Hong Kong police were not amused. The force’s commissioner Chris Tang complained to Leung in writing in early March, saying the show “smeared the police and their work during the coronavirus period.” RTHK had “reversed right and wrong, and we simply can’t accept it,” Tang wrote in the letter, which was made public by RTHK.

On the morning of May 19, Hong Kong’s Communications Authority, which regulates the city’s broadcast and telecoms sectors, published a report criticizing the broadcaster, saying the segment “smeared the police by suggesting that the police were trash, worthless and revulsive.”

As the RTHK employees met with Leung that evening, Hong Kong’s Commerce and Economic Development Bureau, which oversees RTHK, released a statement on its website demanding that the broadcaster examine its production and editorial processes and “follow up or take disciplinary actions” on any staff found to have committed “negligence or errors.”

Nine days later, the Commerce Bureau announced an unprecedented, government-led review of RTHK’s governance and management – spanning its administration, financial control and manpower – to ensure it complies with its charter. The review is expected to be concluded by the end of the year.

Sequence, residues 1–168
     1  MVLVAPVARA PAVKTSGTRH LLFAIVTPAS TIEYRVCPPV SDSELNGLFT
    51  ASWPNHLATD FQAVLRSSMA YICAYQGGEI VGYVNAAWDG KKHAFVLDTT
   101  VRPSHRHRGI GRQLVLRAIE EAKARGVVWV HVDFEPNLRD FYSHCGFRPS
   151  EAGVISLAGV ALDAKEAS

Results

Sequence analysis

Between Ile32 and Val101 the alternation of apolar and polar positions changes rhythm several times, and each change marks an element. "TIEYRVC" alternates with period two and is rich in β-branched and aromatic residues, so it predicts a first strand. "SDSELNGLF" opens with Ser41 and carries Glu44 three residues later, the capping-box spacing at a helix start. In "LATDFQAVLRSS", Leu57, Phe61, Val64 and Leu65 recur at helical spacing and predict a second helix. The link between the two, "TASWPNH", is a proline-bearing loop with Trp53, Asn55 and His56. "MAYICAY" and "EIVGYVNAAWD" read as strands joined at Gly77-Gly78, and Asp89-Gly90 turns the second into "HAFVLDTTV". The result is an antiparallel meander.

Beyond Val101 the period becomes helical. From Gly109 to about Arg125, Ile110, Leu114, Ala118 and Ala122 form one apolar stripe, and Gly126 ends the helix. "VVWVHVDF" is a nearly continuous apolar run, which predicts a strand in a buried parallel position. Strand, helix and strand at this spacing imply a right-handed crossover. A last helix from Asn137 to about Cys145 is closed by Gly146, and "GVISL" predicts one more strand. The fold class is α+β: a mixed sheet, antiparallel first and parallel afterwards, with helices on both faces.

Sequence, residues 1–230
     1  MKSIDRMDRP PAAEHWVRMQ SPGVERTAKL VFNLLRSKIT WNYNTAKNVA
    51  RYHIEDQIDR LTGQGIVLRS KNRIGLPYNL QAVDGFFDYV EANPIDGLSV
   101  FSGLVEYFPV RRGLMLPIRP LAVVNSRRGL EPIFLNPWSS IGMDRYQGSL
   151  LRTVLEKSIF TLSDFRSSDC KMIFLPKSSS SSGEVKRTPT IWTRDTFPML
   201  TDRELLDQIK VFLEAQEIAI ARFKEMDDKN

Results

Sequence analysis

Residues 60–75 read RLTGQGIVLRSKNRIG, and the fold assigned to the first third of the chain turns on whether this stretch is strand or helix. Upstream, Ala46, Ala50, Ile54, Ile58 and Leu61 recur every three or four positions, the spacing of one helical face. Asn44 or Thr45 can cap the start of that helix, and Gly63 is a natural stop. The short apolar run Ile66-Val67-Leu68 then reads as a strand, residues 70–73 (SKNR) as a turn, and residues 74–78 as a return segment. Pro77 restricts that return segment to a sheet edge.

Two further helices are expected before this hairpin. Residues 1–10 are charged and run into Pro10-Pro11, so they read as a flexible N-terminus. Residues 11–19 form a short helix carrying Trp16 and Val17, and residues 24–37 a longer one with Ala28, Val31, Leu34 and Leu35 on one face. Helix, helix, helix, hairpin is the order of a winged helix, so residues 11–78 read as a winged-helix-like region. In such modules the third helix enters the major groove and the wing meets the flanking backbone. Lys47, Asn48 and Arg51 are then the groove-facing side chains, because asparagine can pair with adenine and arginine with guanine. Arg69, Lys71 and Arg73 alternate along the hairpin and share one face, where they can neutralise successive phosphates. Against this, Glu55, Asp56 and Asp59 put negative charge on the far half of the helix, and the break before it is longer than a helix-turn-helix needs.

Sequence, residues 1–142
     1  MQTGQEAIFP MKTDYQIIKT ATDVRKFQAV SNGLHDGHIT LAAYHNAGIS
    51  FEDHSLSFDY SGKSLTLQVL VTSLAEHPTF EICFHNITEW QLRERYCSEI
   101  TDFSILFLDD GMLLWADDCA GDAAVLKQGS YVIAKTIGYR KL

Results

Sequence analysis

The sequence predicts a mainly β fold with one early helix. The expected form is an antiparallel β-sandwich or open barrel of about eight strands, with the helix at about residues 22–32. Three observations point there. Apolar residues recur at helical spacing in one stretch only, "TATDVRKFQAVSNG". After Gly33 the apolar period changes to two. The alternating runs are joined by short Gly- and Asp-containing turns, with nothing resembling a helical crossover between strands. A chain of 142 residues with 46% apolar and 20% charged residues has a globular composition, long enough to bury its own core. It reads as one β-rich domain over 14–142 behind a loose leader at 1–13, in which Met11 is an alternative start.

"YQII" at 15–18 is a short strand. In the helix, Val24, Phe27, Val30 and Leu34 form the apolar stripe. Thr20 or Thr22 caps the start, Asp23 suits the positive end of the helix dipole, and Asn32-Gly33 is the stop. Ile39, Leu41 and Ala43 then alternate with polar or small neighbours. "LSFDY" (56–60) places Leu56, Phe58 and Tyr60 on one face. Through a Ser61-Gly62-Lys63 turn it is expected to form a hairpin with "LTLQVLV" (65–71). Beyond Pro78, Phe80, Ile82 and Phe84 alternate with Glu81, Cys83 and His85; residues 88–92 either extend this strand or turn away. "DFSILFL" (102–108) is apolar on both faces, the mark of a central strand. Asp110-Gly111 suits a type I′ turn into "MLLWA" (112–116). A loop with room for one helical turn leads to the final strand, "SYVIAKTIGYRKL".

A spokesman for the Commerce Bureau told Reuters in an email that RTHK has editorial independence, but as a government department, RTHK and its staff “are subject to all applicable government rules and regulations.”

“Ultimately RTHK is part of the government, and in theory it could do anything to us,” said Gladys Chiu, the chairperson of RTHK’s program staff union, which represents about 400 of the station’s 700 staff. The new legislation and increased scrutiny of RTHK could be used “to coerce the staff into broadcasting or reporting in a way that is approved by the government,” she said.

RTHK also faces pressures at street level. Small groups of pro-Beijing protesters regularly gather outside its headquarters in Kowloon, waving Chinese flags and signs accusing the broadcaster of anti-government bias.

“Shut it down,” the crowds chanted continuously during one protest in January, according to video news coverage, while calling RTHK a “cockroach” station, a description some police have used to describe pro-democracy protesters.